Thursday, 26 November 2015

Research Seminar: Alex Jones, Middlesex University

Date: Thursday 3rd December
Time: 16:00 - 17:00
Location: Barn 2

Title: Attention to the Sense of Touch - Neural Correlates and Behavioural Evidence

Dr Jones is a lecturer at Middlesex University London. Before joining the Psychology Department in 2013 he worked as a post-doctoral researcher at the Laboratoire Psychologie de la Perception, Universite Paris Descartes. Prior to Paris he worked as a visiting lecturer and research fellow in London (City University, BPP). Jones has a BSc in Psychology (City University) and MSc in Cognitive Neuropsychology (UCL). He received his PhD from City University London, where he is now also an honorary research fellow.  

Broadly, Dr Jones' research interests include attention, action, and multisensory integration, and using cognitive neuroscience techniques to investigate how the brain and behaviour relate. Focus has been on exploring how we select and attend to information constantly bombarding our senses. In particular how we process and attend to the sense of touch. Of interest has also been to explore how we process sensory information which is a consequence of our own actions (action prediction). His research has appeared in journal such as NeuroImage, Neuropsychologia, European Journal of Neuroscience, Biological Psychology, and Frontiers in Integrative Neuroscience.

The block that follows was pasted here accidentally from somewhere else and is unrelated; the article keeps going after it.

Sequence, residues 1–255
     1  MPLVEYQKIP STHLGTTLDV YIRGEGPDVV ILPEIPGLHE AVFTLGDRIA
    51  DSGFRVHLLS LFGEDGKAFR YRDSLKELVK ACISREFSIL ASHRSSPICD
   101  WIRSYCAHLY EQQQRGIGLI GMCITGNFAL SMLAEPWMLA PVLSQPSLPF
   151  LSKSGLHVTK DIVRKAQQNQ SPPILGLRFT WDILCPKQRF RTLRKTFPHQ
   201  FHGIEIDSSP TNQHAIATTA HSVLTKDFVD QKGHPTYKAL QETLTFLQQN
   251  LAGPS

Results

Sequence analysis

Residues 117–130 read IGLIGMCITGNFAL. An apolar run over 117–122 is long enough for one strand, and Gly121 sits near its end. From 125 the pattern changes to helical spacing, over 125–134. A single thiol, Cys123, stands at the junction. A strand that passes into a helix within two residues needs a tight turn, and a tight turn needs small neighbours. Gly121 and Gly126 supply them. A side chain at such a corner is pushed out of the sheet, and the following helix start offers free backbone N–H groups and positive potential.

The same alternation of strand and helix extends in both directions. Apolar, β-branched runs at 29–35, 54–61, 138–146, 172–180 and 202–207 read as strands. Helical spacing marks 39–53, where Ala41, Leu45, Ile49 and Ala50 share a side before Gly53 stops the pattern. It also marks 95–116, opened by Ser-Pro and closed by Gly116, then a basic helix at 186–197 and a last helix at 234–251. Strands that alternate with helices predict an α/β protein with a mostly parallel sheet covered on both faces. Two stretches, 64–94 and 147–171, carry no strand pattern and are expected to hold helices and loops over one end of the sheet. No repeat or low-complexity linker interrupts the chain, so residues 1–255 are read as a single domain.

AbstractThe sense of touch is imperative to cognition, development, and is implicated in how we perceive the world around us and how we interact with others. The skin, enveloping our bodies, is the largest human organ, and through sensory receptors it provides us with a vast amount of information about our immediate environment. Yet, compared to the domains of visual and auditory attention, relatively little research has focused on the somatosensory system and the body sense. We are constantly bombarded with a wealth of tactile information, such as from our clothes or the chair we sit upon, and cannot process all of this information simultaneously. Mechanisms of selective attention help to prioritize, predict and select information relevant to the situation, and to guide our behaviour appropriately. The research presented in this talk explores the question of how we selectively focus our attention to the sense of touch. Specifically, the talk will cover research on how top-down tactile attention (e.g., thinking about your left foot) and bottom-up tactile attention (e.g., a tap on the shoulder) is processed in the brain using electroencephalogram (EEG). 


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